A week, as they say, is a long time in football. By that reckoning, six weeks is almost an eternity. For fans of one of English football's oldest clubs, it certainly feels that way.
On Boxing Day 2012, former European champions Nottingham Forest lined up to play Leeds United in a second flight match in the English Championship.
After going a goal behind, Forest roared back to an emphatic 4-2 victory that had a certain swagger about it. Watching at the time, it was hard to escape the feeling that things were finally coming together for a side that has come to embody the term 'sleeping giant'.
One point and one place outside the playoffs, that afternoon Forest fans would have tucked into their turkey sandwiches with a sense of satisfaction and thoughts of good things to come.
But just hours after the final whistle the club's Kuwaiti owners, the Al Hasawi family, fired the club's quietly progressive manager, Sean O'Driscoll.
For fans and observers alike it was a baffling decision. "We cannot speak highly enough of Sean as a man," said Chairman Fawaz Al Hasawi. "He was appointed at an extremely difficult time for the club and can count himself unlucky to have lost his job with the team just one point away from the top six. But we have a responsibility to look to the future for this great Club because we have huge ambitions for it."
Fast forward just a few weeks, and O'Driscoll's replacement, Alex McLeish, has followed his predecessor to the exit. January had also seen the sudden and unceremonious exits of Forest's CEO, its head of recruitment, and the popular club ambassador (and former player and manager) Frank Clark.
McLeish departed 'by mutual consent' after just one win in seven games and a transfer window that bordered on farcical, as key target George Boyd's switch to the club foundered after the player apparently failed an eye test.
Forest fans took to social media once more in a bewildered daze as headlines painted a picture of a shambolic club in disarray. Days later another former Forest manager, the combative Billy Davies, was reinstalled in this hottest of managerial hot seats.
But before he could properly take charge his team duly lost 2-0 to a Bristol City side now, somewhat poetically, managed by none other than Sean O'Driscoll.
This odd story will have particular resonance in England's north west, where another of English football's most venerable institutions, Blackburn Rovers, has collapsed from mid table comfort in the English Premier League (EPL) to relegation and ignominy.
The club's owners, India's Venky's Group, began their tenure by sacking the widely respected Sam Allardyce in December 2010. Since then they appear to have embarked on a kamikaze PR strategy, which has led to ridicule off the pitch and confusion on it.
In the latest chapter, Shebby Singh, the former TV pundit brought in by Venky's as the club's 'global advisor', is reportedly at loggerheads with managing director Derek Shaw, amid allegations of interference with football matters and disputes over players' contractual deals.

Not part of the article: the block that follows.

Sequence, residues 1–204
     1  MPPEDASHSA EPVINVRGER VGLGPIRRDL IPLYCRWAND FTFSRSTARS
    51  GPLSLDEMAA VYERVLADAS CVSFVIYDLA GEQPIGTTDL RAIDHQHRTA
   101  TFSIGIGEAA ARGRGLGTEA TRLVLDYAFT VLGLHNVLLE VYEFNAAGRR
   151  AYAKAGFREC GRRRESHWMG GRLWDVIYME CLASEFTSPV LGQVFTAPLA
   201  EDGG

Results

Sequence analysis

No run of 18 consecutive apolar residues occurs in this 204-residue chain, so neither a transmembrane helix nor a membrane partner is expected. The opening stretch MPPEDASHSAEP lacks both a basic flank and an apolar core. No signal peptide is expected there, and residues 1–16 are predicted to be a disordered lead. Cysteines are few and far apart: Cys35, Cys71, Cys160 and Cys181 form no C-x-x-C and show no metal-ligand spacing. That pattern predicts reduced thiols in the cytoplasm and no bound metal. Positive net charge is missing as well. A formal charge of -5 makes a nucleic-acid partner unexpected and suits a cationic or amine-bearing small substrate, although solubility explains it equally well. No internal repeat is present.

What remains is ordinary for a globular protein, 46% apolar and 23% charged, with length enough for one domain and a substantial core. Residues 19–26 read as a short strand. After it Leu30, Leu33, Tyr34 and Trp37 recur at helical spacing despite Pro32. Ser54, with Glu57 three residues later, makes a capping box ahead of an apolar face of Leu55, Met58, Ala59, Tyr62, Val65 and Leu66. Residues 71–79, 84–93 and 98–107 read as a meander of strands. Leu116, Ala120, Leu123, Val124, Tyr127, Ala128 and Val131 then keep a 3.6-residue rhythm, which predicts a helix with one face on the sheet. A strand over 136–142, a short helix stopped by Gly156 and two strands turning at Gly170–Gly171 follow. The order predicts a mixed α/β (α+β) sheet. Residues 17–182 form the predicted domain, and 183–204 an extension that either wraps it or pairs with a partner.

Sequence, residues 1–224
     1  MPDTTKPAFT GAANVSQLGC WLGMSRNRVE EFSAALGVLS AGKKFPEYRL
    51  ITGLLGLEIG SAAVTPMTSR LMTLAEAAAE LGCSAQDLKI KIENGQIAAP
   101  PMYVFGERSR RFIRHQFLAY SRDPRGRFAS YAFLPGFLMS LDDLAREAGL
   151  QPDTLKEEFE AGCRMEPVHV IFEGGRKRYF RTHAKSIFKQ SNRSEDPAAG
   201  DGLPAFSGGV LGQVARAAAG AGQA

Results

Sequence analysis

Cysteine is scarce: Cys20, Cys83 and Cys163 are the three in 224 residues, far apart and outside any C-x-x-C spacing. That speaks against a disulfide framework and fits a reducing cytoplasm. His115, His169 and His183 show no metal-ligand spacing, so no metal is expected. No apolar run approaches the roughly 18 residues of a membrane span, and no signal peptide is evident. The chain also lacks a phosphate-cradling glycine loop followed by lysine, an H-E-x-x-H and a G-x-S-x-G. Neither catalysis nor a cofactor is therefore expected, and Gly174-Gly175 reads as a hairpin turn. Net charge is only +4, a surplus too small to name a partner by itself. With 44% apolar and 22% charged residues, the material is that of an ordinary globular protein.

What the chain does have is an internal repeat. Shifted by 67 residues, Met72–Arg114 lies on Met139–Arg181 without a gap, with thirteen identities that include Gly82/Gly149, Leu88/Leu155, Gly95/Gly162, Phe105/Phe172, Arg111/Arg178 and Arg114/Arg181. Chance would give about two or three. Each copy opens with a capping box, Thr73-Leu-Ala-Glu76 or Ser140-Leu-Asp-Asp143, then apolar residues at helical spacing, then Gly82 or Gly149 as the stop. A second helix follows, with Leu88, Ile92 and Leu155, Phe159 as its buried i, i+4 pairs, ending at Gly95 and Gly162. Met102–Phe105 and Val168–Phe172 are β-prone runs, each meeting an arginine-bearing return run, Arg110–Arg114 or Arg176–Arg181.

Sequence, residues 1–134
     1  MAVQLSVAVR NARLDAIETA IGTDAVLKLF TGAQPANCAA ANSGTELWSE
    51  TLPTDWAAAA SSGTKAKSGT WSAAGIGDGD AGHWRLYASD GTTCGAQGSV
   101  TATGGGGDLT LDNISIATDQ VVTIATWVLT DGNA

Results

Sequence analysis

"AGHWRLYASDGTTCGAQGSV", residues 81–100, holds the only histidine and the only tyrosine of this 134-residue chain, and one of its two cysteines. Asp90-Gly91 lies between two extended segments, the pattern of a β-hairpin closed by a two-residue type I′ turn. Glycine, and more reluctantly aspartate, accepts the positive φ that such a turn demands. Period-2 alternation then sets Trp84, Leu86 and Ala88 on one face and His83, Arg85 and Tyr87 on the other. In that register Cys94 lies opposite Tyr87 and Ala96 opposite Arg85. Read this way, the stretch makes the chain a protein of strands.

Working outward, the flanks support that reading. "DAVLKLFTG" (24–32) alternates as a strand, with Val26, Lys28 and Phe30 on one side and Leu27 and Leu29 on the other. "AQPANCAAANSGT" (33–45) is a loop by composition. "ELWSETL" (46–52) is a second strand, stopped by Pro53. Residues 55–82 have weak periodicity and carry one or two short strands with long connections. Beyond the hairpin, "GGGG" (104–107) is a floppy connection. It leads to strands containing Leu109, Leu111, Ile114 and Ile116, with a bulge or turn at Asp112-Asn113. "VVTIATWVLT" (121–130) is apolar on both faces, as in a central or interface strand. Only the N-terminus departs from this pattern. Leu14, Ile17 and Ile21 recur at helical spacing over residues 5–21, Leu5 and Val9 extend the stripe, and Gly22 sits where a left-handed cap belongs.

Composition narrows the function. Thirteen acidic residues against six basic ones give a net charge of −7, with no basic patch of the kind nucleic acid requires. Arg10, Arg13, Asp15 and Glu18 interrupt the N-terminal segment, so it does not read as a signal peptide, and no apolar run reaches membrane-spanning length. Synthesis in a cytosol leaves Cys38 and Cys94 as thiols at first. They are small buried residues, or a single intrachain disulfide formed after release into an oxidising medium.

The culture clash between the old and the new sides of the club looks wider than ever. Rovers are now onto their third manager of the season and a swift return to the EPL looks wildly improbable.
Venky's and the Al-Hasawi family are the latest in a wave of foreign owners taking control of clubs in the English leagues. Few on the growing list are strangers to controversy.
Cardiff City's new Malaysian owners changed the club's colors from blue to red, causing outrage -- but perhaps they will be forgiven as they are currently well set for promotion to the EPL.
The Glazer family's takeover of Manchester United sparked a supporter's revolt that saw the formation of a completely new team -- FC United of Manchester -- by fans alarmed at the level of debt (currently around £360million - $550m) foisted upon the club.
Then there's Roman Abramovich's Chelsea, whose phenomenal success has been tempered by the owner's propensity to fire managers; and Sheikh Mansour of Manchester City, whose investments in the club stretch UEFA's concept of Financial Fair Play to the limit, and very probably beyond.
The attitude of football fans to these types of investor is pretty schizophrenic. On the one hand the very prospect of a new owner, awash with cash, coming in and transforming a club's fortunes would get many salivating, regardless of where the money is from and who is taking the reins.
English football, or at least the Premier League, is an enormously attractive stage and clubs make for interesting playthings for the super-rich. Meanwhile, fans are attracted to the idea of quick-fix success.
On the other hand, with spiraling ticket prices driven largely by players' wages and the increasingly erratic pictures being painted by some of these new owners, there is a sense that clubs' connections with the communities in which many have existed for over a century are being undermined.